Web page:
With Los Angeles planning to phase out three natural gas power plants, a solar power company released a report Friday suggesting the energy could be replaced with a “virtual” plant established by an expansion of residential solar panels and batteries.
The report by Sunrun comes on the heels of a call by a coalition of business, environmental and civic leaders earlier this week for the Los Angeles Department of Water and Power to expand a pilot program allowing hundreds of building owners to install rooftop solar panels and then sell the electricity generated into the utility’s power grid.
The Sunrun report concluded the penetration of local rooftop solar in Los Angeles is low compared to other areas in Southern California. The city is home to about 182 megawatts of residential rooftop solar power installed on 36,000 homes, which represents only 2.5% of LADWP’s 1.34 million total residential customers, according to the report. By comparison, 139,000 homeowners, or 11% of San Diego Gas & Electric’s 1.25 million residential customers, have adopted solar for a total of 740 megawatts of installed capacity.
The report also found that if Los Angeles supports various programs that would result in solar panels on at least 75,000 homes, it would replace the peak capacity of one of LADWP’s retiring gas plants while saving millions of dollars.
Mayor Eric Garcetti recently announced that the LADWP will be phasing out three gas-fired power plants by 2029 as part of a part of a plan to transition to 100 percent clean energy by 2045.
“This is the beginning of the end of natural gas in Los Angeles,” Garcetti said in February. “The climate crisis demands that we move more quickly to end dependence on fossil fuel, and that’s what today is all about.”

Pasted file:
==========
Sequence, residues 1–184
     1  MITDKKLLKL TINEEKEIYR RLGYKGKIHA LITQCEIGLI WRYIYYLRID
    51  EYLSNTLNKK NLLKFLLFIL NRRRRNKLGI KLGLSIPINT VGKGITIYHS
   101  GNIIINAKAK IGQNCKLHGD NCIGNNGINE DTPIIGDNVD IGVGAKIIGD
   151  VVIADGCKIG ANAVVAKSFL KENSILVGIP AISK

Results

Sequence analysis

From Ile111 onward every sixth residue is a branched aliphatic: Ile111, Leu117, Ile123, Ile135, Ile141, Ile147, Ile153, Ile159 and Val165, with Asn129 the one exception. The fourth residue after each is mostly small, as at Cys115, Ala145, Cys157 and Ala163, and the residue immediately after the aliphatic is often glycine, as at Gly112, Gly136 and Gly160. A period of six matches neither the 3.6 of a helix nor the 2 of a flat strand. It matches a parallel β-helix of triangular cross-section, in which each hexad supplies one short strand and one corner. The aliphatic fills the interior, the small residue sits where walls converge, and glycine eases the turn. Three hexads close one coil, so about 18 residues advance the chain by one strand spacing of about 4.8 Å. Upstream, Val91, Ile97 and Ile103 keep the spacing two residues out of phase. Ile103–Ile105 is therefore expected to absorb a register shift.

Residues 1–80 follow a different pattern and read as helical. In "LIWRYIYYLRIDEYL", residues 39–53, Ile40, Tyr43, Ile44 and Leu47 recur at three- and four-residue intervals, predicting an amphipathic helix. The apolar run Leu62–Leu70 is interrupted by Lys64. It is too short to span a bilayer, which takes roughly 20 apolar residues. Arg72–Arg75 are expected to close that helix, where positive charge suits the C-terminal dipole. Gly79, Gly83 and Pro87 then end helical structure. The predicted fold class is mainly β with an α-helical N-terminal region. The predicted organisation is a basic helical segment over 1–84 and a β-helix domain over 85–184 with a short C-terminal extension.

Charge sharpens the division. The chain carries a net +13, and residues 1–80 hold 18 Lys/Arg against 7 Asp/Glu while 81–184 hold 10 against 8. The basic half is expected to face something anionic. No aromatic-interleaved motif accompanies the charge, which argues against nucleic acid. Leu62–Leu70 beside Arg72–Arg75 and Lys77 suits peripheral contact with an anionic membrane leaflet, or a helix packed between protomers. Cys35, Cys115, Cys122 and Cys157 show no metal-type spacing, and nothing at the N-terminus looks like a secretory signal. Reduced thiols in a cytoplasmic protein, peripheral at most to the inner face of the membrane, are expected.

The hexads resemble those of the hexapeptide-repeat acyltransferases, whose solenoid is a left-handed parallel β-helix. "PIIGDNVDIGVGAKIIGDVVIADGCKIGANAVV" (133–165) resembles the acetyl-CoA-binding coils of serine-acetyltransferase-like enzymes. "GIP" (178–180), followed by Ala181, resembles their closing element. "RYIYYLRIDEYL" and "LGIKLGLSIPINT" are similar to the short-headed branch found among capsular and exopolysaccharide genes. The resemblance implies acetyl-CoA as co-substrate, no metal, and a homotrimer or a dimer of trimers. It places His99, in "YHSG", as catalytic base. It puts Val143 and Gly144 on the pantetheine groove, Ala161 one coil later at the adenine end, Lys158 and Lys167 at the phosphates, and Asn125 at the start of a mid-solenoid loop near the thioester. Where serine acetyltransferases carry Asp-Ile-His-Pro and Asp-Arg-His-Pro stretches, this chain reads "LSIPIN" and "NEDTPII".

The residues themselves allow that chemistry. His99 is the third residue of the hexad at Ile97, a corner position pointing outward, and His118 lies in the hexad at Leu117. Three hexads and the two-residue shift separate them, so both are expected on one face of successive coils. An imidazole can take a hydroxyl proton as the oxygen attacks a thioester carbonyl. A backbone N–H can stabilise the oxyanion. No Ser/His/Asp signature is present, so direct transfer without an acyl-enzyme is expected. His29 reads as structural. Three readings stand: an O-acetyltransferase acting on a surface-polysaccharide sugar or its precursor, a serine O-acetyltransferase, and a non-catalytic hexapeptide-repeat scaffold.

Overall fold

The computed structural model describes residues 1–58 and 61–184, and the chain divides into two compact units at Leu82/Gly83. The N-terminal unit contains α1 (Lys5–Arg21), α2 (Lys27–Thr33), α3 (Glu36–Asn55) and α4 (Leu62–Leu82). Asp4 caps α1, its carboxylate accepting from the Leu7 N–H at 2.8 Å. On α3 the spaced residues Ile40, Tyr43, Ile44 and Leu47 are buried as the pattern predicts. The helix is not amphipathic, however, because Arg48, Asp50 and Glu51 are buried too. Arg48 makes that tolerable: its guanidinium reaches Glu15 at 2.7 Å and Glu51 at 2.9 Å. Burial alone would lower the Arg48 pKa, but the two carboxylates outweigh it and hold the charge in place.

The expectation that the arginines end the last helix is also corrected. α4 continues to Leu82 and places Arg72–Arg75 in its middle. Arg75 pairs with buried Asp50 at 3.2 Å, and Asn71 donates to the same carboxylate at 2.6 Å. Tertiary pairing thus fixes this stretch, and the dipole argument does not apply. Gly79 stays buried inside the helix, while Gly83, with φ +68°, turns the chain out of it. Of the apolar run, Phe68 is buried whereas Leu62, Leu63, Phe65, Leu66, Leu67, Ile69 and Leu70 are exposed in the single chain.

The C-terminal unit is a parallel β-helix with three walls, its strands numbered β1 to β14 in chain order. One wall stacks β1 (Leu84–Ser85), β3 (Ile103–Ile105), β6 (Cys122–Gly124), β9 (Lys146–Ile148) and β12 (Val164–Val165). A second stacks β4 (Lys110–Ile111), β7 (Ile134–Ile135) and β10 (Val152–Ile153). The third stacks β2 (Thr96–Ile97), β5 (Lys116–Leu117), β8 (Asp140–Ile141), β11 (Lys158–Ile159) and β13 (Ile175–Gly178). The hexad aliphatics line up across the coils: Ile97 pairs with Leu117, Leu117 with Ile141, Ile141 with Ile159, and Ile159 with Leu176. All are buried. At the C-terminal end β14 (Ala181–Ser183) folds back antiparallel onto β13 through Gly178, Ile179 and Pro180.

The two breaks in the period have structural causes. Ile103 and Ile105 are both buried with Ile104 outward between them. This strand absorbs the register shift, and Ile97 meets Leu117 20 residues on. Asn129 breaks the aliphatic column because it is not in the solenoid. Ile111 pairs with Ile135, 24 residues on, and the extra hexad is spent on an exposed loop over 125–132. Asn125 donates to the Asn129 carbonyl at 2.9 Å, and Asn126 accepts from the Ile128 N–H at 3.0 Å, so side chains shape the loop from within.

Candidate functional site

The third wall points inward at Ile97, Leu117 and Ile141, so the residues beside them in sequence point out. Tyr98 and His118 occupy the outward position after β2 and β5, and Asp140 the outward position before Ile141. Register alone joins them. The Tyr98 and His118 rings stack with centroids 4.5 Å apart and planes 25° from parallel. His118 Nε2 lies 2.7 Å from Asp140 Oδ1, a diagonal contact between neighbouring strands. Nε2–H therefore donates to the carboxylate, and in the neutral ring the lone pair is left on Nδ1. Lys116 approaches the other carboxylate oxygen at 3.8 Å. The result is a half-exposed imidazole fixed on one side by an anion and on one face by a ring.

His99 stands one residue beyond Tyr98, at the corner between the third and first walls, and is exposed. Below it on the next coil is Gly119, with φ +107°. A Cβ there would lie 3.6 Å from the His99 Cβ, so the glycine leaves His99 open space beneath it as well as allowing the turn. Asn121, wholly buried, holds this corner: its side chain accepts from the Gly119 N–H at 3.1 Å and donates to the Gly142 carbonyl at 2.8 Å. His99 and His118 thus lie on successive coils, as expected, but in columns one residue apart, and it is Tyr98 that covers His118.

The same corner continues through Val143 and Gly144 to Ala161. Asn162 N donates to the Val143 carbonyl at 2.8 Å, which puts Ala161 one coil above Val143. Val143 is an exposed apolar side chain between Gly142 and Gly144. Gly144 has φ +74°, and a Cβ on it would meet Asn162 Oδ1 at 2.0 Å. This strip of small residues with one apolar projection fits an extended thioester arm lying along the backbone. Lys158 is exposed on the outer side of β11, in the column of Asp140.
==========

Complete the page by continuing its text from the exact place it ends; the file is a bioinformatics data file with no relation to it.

In order to replace the power generated by the three plants, Garcetti said he directed the LADWP to shift focus to its 100 percent Renewable Energy Study. A $10 million analysis began in 2017 with the National Renewable Energy Laboratory to determine a feasible path to 100 percent clean energy.
Sunrun — being a solar company — has a vested interest in seeing the technology expand as part of L.A.’s energy goals, but it is not alone in calling for the city to move forward on larger commitments to residential solar panels.
The Los Angeles Business Council and other leaders sent a letter to LADWP Board of Water and Power Commission President Mel Levine this week that called for an expansion of the Feed-in Tariff, or FiT, solar pilot program. The program has reached capacity with all 150 megawatts originally authorized either installed or active, along with a waitlist of interested participants, according to the LABC.
“This is a moment that calls for big-picture thinking,” said City Councilwoman Nury Martinez, who chairs the Energy, Climate Change and Environmental Justice Committee. “We need to accelerate our transition to clean energy even faster by quickly scaling the FiT program to generate more renewable energy, and consistent with the call for a Green New Deal for Los Angeles, we must seize the opportunity to be first in the nation to commit to targeting the environmental and economic benefits of this groundbreaking approach to our hardest hit front-line and disadvantaged communities.”
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